Navajo-Hopi Nations,Flagstaff & Winslow News
Wed, Aug. 12

Elsie Yoyokie tells of her years helping people at Arizona DES

Elsie Yoyokie with her family. She recently retired from the Arizona Department of Economic Security. (Submitted photo)

Elsie Yoyokie with her family. She recently retired from the Arizona Department of Economic Security. (Submitted photo)

FLAGSTAFF, Ariz. — Elsie Yoyokie has been helping people in need for years, but on Sept. 27 she retired from the Arizona Department of Economic Security (DES) as the North Region 2 program manager.

DES is responsible for helping people with food stamps, cash assistance and medical assistance. DES helps Arizona residents with applications for Arizona health care programs. The programs are based on federal guidelines for income.

Her staff gave her a going away party and she was thrilled that they did that.

“I want to thank my staff for the celebration for my retirement. It’s getting me off in the right way,” she said. “I was fortunate to give that many years to the state, and it was fast.”

DES is advertising for the regional manager job opening, but has not hired anyone yet.

Yoyokie is Navajo, but lives on the Hopi Reservation with her renowned artist husband Gary Yoyokie. They will be married 50 years next year.

As regional manager, Yoyokie was responsible for the DES offices in Tuba City, Kayenta, Chinle and Window Rock. She was responsible for supervising about 200 employees.

Yoyokie was proud that as part of her job she met Arizona Gov. Doug Ducey, the late Sen. John McCain and Navajo Nation President Jonathan Nez.

Yoyokie started as a case worker for DES in 1981 in Kayenta. She was needed on Hopi at that time to speak to clients who lived on Hopi, but only spoke Navajo.

Yoyokie said she likes helping clients because she can relate to them.

She was raised by her grandparents because her parents worked off the reservation.

“I went to boarding school where I dealt with people who didn’t have anything,” she said.

Yoyokie is bilingual as she speaks Navajo and English.

Yoyokie recently made a video about her work called “It’s not Just a Job.”

After working six years as a caseworker, Yoyokie was promoted to become an administrator where her jobs were at various times auditor, trainer, supervisor and regional manager.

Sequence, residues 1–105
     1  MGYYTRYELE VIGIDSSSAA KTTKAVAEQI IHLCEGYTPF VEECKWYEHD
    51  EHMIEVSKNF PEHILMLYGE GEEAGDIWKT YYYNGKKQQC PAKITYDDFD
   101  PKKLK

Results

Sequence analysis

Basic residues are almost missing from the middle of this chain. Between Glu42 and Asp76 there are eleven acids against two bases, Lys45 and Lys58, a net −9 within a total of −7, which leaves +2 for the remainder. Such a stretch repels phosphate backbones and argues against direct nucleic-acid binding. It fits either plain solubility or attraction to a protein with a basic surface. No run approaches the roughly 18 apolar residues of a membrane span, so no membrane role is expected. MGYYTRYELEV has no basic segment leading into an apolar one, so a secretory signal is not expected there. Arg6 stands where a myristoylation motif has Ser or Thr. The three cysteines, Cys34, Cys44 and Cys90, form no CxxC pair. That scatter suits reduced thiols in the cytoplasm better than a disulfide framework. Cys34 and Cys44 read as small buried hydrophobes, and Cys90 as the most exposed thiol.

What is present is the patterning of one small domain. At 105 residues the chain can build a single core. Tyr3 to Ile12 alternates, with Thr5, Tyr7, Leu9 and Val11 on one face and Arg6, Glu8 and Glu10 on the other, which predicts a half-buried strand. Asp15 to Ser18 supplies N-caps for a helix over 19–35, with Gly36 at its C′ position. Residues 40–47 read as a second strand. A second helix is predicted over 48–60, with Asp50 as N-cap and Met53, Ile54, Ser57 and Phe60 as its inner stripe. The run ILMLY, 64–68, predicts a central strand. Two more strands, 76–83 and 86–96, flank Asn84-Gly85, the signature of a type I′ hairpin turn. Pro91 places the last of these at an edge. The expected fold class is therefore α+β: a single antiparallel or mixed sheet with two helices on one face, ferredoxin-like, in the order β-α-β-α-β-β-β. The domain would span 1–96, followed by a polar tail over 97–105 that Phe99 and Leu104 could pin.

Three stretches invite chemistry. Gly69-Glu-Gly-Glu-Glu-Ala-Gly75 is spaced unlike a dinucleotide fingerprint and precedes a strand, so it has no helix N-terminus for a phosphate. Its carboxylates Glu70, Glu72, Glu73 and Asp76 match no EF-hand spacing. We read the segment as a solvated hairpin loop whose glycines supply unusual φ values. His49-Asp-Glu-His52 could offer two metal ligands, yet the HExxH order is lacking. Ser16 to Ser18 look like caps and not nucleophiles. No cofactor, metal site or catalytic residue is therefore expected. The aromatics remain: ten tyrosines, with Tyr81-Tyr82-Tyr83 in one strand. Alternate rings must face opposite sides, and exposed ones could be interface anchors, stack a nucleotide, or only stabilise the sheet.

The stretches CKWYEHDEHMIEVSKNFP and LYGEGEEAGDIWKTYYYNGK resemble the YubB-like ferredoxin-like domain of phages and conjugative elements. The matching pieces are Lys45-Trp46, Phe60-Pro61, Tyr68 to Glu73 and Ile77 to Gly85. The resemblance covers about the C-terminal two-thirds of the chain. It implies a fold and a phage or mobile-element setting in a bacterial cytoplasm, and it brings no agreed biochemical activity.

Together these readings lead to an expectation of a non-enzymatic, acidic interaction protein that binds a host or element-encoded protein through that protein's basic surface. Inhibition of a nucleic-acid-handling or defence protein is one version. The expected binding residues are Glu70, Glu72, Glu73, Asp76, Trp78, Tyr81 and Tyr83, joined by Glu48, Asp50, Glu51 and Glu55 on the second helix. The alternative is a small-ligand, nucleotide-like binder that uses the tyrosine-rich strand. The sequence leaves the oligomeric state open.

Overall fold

“I made sure that people didn’t have to wait too long and that everything was done properly. I was concerned about good customer service,” she said. “I wanted to resolve any problems.”

Since becoming a regional manager, Yoyokie has had to take monthly courses on management and leadership. She learned that appointments often didn’t work because the previous people would always take longer so she tells people to just come in.

At one time, she was responsible for 20 offices including those in Flagstaff, Kingman and White River.

“It was too stressful. I would come home about four days a month,” she said. “But as long as the offices had what they needed, the stress was lowered.”

Yoyokie graduated from Phoenix Indian High School before taking up nursing.

“I found out I was not cut out for nursing. I went to Albuquerque to watch a heart surgery. When the blood squirted out I passed out. I would also pass out during flu shots,” she said.

So, Yoyokie majored in accounting at Northland Pioneer College before going to work for DES.

Yoyokie was born in a military hospital at Bellemont.

Yoyokie has been going to art shows with husband Gary since the 1970s and she does some of the silversmith work as well.

“Now that I’m retired I can do more of the silversmith art shows with my husband,” she said. “We go all over the state with our art work.”

The silversmith work has also taken them to Japan three times.

“The Japanese appreciate the Hopi overlay jewelry because it also relates to their culture,” she said. “We’ve made a lot of friends from Japan.”

Her father was a Navajo Codetalker. He died on Veteran’s Day, but before that he gave her his medals.

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